The arcminute is commonly found in the firearms industry and literature, particularly concerning the accuracy of rifles, though the industry refers to it as minute of angle. It is especially popular with shooters familiar with the Imperial measurement system because 1 MOA subtends approximately one inch at 100 yards, a traditional distance on target ranges. Since most modern rifle scopes are adjustable in half (1⁄2), quarter (1⁄4), or eighth (1⁄
MOA increments, also known as clicks, this makes zeroing and adjustments much easier. For example, if the point of impact is 3" high and 1.5" left of the point of aim at 100 yards, the scope needs to be adjusted 3 MOA down, and 1.5 MOA right. Such adjustments are trivial when the scope's adjustment dials have an MOA scale printed on them, and even figuring the right number of clicks is relatively easy on scopes that click in fractions of MOA.
One thing to be aware of is that some scopes, including some higher-end models, are calibrated such that an adjustment of 1 MOA corresponds to exactly 1 inch, rather than 1.047". This is commonly known as the Shooter's MOA (SMOA) or Inches Per Hundred Yards (IPHY). While the difference between one true MOA and one SMOA is less than half of an inch even at 1000 yards, this error compounds significantly on longer range shots that may require adjustment upwards of 20-30 MOA to compensate for the bullet drop. If a shot requires an adjustment of 20 MOA or more, the difference between true MOA and SMOA will add up to 10 inches or more. In varmint hunting or competitive target shooting, this can easily mean the difference between a hit and a miss.
Calculating the physical equivalent group size equal to one minute of arc can be done using the equation: equivalent group size = tan(MOA⁄60) × distance. In the example previously given and substituting 3,600 inches for 100 yards, 3,600 tan(1 MOA⁄60) inches = 1.047 inches.
In metric units 1 MOA at 100 meters = 2.908 centimeters.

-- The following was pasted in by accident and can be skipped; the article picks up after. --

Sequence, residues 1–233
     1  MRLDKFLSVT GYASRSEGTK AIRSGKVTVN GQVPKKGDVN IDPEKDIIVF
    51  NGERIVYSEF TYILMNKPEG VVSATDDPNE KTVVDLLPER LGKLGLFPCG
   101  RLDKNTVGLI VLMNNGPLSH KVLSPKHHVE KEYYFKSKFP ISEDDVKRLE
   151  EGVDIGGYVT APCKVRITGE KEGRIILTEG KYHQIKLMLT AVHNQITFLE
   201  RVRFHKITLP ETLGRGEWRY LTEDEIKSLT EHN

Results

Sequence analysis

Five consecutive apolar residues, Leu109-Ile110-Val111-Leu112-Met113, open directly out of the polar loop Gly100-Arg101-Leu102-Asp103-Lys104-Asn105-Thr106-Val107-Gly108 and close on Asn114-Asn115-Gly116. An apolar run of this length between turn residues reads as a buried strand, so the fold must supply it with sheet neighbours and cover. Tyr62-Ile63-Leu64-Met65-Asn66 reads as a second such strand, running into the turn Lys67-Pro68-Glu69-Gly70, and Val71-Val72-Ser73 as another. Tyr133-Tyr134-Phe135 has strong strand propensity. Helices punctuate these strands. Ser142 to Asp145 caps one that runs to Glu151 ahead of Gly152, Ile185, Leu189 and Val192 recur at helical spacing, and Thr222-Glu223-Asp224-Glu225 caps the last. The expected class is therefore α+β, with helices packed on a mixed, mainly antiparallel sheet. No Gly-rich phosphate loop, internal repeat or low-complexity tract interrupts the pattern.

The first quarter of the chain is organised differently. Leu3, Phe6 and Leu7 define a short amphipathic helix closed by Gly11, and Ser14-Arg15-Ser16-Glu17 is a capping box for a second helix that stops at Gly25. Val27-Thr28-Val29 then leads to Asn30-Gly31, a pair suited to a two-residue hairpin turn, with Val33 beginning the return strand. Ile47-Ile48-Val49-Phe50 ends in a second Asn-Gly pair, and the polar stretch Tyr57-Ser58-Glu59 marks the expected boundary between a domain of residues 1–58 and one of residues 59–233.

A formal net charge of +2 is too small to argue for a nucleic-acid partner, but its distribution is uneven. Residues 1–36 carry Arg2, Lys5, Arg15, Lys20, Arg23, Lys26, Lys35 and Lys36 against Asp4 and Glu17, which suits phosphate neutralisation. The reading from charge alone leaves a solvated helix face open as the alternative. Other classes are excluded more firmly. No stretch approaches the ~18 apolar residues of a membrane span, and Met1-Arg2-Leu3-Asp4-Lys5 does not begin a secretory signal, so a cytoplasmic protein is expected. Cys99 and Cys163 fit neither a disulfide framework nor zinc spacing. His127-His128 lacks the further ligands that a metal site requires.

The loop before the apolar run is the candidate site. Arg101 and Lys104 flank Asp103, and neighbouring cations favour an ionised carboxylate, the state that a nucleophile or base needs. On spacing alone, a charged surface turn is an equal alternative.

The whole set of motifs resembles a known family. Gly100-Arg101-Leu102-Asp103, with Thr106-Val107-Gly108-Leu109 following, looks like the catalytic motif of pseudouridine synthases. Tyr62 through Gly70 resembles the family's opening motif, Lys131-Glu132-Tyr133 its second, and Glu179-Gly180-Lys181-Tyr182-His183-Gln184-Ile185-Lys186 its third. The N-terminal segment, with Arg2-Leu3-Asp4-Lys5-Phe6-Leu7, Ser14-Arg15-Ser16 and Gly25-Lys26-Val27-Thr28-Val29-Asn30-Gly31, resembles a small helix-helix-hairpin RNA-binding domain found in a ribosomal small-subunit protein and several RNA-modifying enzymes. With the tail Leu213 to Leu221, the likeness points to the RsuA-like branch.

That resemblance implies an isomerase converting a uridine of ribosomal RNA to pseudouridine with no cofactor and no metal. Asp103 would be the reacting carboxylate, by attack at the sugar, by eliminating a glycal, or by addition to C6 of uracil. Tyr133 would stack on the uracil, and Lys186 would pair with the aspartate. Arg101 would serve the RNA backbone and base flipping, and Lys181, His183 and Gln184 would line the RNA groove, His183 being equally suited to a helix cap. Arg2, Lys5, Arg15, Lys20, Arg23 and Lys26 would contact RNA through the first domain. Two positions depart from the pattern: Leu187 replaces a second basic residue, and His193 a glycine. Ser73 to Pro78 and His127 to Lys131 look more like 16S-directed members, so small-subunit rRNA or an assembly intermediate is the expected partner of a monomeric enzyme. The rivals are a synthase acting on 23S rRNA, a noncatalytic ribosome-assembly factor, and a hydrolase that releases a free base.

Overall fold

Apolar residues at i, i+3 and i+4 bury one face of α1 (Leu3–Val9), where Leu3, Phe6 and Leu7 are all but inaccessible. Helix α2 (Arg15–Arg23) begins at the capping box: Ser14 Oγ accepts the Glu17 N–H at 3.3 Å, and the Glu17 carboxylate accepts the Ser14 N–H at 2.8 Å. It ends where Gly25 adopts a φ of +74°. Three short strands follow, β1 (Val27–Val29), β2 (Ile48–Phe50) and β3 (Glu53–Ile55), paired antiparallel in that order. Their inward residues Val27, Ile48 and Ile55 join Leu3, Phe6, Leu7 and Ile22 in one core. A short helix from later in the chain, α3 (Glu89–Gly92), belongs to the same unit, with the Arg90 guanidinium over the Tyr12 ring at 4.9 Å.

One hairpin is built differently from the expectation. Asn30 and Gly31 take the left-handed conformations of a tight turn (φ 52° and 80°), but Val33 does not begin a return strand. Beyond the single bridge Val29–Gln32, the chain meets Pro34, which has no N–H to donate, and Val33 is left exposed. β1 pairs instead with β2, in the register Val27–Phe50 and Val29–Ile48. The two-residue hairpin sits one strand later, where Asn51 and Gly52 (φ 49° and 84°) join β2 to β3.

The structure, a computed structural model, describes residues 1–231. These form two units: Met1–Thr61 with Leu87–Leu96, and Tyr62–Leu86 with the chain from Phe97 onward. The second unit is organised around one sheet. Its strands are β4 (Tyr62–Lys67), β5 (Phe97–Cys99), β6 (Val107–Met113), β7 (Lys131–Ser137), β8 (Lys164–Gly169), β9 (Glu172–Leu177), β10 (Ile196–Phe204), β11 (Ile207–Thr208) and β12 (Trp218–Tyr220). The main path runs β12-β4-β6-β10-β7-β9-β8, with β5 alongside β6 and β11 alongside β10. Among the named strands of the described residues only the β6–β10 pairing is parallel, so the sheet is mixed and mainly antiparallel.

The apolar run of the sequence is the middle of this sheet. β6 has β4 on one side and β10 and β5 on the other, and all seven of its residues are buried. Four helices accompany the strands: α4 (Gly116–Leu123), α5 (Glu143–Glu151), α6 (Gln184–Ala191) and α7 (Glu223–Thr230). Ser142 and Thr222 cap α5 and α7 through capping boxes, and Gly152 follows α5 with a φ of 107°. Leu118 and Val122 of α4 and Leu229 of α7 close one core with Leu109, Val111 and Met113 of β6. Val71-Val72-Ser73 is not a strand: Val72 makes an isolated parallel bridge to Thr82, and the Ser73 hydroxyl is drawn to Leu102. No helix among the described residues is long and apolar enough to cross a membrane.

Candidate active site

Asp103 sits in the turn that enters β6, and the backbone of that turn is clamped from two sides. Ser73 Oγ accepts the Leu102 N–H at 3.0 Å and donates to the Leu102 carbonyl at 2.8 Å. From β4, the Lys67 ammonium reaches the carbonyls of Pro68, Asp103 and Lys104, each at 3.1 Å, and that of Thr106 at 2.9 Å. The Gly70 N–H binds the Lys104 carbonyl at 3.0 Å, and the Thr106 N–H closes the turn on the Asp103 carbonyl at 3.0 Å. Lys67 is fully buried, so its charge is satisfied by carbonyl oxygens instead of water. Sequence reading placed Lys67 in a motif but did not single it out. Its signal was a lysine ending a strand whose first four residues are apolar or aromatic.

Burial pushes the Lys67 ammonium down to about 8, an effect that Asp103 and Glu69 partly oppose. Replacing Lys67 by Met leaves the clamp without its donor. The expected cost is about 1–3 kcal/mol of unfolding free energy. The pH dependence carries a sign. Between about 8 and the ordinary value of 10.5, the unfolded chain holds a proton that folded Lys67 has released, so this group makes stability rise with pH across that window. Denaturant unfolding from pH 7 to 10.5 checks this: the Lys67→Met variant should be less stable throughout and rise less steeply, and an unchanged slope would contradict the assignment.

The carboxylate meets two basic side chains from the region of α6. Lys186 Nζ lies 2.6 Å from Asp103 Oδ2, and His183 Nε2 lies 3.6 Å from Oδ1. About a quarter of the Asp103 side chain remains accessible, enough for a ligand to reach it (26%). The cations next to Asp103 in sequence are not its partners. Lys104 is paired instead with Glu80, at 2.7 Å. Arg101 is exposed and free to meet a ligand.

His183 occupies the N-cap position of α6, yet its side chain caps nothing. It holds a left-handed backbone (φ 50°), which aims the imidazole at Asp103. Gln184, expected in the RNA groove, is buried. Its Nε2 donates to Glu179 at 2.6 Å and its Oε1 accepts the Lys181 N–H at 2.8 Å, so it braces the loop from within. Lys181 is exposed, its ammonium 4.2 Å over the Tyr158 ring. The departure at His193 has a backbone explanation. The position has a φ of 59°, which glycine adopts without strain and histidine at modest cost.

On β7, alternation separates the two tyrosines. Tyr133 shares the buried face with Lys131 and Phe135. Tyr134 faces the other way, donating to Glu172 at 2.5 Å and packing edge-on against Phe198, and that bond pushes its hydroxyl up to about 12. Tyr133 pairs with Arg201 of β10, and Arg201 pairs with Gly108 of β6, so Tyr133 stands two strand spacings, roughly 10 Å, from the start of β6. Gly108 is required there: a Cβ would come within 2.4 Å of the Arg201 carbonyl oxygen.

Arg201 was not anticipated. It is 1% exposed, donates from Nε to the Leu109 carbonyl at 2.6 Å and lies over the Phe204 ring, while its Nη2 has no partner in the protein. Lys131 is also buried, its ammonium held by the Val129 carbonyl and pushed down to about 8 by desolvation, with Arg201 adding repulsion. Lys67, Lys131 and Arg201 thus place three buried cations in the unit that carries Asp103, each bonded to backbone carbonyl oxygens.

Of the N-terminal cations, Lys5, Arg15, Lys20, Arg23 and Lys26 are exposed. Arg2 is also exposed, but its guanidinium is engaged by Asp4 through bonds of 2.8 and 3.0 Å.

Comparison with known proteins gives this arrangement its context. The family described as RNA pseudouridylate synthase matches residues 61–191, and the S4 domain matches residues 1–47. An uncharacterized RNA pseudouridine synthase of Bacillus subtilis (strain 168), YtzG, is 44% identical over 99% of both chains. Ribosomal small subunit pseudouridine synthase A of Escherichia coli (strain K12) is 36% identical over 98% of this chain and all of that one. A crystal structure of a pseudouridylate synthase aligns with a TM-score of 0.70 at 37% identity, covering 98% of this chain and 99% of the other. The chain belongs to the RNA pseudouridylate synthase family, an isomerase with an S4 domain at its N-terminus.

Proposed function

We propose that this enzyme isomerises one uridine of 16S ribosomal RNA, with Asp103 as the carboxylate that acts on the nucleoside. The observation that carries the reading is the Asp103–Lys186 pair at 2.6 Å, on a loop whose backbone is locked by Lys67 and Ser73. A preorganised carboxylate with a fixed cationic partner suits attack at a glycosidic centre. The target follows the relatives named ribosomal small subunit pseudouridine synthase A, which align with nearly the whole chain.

Sometimes, a precision firearm's accuracy will be measured in MOA. This simply means that under ideal conditions i.e. no wind, match-grade ammo, clean barrel, and a vise or a benchrest used to eliminate shooter error, the gun is capable of producing a group of shots whose center points (center-to-center) fit into a circle, the average diameter of circles in several groups can be subtended by that amount of arc. For example, a 1 MOA rifle should be capable, under ideal conditions, of shooting an average 1-inch groups at 100 yards. Most higher-end rifles are warrantied by their manufacturer to shoot under a given MOA threshold (typically 1 MOA or better) with specific ammunition and no error on the shooter's part. For example, Remington's M24 Sniper Weapon System is required to shoot 0.8 MOA or better, or be rejected.
Rifle manufacturers and gun magazines often refer to this capability as sub-MOA, meaning it shoots under 1 MOA. This means that a single group of 3 to 5 shots at 100 yards, or the average of several groups, will measure less than 1 MOA between the two furthest shots in the group, i.e. all shots fall within 1 MOA. If larger samples are taken (i.e., more shots per group) then group size typically increases, however this will ultimately average out. If a rifle was truly a 1 MOA rifle, it would be just as likely that two consecutive shots land exactly on top of each other as that they land 1 MOA apart. For 5 shot groups, based on 95% confidence a rifle that normally shoots 1 MOA can be expected to shoot groups between 0.58 MOA and 1.47 MOA, although the majority of these groups will be under 1 MOA. What this means in practice is if a rifle that shoots 1" groups on average at 100 yards shoots a group measuring .7" followed by a group that is 1.3" this is not statistically abnormal.
Minutes of angle (and its subunit, seconds of angle or SOA—equal to a sixtieth of a MOA) are also used in cartography and navigation. At sea level one minute of angle along the equator or a meridian equals about 1.86 kilometres / 1.16 miles, approximately one nautical mile. A second of angle, one sixtieth of this amount, is about 30 meters or roughly 100 feet. The exact distance varies along meridians because the shape of the Earth is slightly oblate.
Positions are traditionally given using degrees, minutes, and seconds of angles for latitude, the angle north or south of the equator, and for longitude, the angle east or west of the Prime Meridian. Any position on or above the Earth's reference ellipsoid can be precisely given with this method. However, because of the somewhat clumsy base-60 nature of minutes and seconds, positions are frequently expressed in fractional degrees only, expressed in decimal form to an equal amount of precision. Degrees given to three decimal places (1⁄1,000 of a degree) have about 1⁄4 the precision of degrees-minutes-seconds (1⁄3,600 of a degree) and specify locations within about 120 meters or 400 feet.